For breakfast we needed to get a small white piece of paper from reception and then give it to one of the women who were working in the cafe. This piece of paper entitled us to a bowl of porridge and some sort of egg dish. It was hard not to compare this to the wide choice we had in St. Petersburg, a fact that depressed us even more.

I really wanted to go into Lenin's Mausoleum and see the body of a figure that I studiedduring my A levels. I always took an interest in reading about the Bolshevik Revolution so this was the top of the to-do list. So we rode the Metro and found our way to the Red Square. The main chamber where Lenin's body lays is a square room of marble. Looking at him through the glass as I walked around the room was a surreal experience. He was white as a ghost and looked as if he was sleeping. After a few moments in the square chamber it was time to leave with a memory I will not forget. After I left the Mausoleum there were the graves of the other leaders of the Soviet Union including Stalin.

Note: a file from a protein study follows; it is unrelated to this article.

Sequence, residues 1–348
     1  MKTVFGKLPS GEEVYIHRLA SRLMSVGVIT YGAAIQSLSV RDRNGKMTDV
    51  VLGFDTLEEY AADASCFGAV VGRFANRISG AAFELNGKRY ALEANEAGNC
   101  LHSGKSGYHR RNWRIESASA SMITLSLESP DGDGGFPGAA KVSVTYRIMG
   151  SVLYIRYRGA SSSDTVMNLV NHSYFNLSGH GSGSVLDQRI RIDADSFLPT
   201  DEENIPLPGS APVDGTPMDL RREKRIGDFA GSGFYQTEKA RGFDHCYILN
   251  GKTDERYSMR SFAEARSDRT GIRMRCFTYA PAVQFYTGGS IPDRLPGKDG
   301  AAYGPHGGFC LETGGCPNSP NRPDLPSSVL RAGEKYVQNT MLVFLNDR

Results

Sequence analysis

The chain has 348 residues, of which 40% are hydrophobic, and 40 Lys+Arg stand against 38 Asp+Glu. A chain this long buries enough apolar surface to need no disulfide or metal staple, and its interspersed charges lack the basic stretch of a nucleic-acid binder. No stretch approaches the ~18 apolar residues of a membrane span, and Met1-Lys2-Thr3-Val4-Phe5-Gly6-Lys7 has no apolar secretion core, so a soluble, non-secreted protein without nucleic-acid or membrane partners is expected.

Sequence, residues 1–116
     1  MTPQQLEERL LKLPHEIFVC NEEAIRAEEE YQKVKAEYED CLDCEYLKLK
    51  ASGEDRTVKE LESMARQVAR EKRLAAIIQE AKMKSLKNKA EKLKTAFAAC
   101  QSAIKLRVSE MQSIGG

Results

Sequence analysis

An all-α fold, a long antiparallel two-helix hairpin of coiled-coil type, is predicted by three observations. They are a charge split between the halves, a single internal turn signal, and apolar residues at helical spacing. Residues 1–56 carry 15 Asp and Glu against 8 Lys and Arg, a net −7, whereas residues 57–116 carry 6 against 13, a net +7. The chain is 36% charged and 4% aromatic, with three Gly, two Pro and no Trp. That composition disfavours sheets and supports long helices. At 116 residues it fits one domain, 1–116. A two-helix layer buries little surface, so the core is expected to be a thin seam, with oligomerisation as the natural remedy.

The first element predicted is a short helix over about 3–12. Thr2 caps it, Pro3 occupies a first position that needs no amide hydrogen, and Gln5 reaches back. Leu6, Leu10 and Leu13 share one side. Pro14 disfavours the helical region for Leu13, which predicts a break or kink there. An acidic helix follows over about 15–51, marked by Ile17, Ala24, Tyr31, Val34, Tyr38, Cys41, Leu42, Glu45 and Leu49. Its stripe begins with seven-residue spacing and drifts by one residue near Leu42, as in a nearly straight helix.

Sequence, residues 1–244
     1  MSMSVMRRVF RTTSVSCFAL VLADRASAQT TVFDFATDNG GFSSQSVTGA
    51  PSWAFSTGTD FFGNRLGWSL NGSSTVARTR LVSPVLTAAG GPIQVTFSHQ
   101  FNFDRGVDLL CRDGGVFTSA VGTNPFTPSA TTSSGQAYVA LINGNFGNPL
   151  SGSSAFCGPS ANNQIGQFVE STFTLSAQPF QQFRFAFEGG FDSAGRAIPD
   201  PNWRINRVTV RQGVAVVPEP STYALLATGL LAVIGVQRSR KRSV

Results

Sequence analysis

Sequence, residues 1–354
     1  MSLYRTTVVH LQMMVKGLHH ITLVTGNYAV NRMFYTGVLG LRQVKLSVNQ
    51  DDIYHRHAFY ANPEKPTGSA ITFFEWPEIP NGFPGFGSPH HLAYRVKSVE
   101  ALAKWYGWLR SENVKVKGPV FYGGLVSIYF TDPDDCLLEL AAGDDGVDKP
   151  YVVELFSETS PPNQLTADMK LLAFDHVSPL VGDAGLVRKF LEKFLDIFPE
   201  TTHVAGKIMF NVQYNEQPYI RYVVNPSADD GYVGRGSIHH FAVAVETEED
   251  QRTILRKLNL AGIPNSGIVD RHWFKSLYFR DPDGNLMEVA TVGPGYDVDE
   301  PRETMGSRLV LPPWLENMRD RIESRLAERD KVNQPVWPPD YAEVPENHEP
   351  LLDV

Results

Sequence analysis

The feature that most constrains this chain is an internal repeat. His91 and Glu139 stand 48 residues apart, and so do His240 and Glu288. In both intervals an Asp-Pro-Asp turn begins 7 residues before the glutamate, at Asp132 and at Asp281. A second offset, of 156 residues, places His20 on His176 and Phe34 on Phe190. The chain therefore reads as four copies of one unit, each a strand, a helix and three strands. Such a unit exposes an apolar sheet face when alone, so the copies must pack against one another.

During our time in Moscow we were supposed to talk to the political opposition Liberal Party but unfortunately for us there were elections for the Moscow City Council the week before and this led to a political row. Both the Communists and the Liberals accused the governing United Russia Party of electoral fraud. Under this cloud it was clear that the Liberal Party was too busy complaining about the results of this election to talk to us so they cancelled two days before we were supposed to talk to them. I was disappointed about this because I am interested in politics and would have liked to hear what they had to say about the political dynamics of Russia.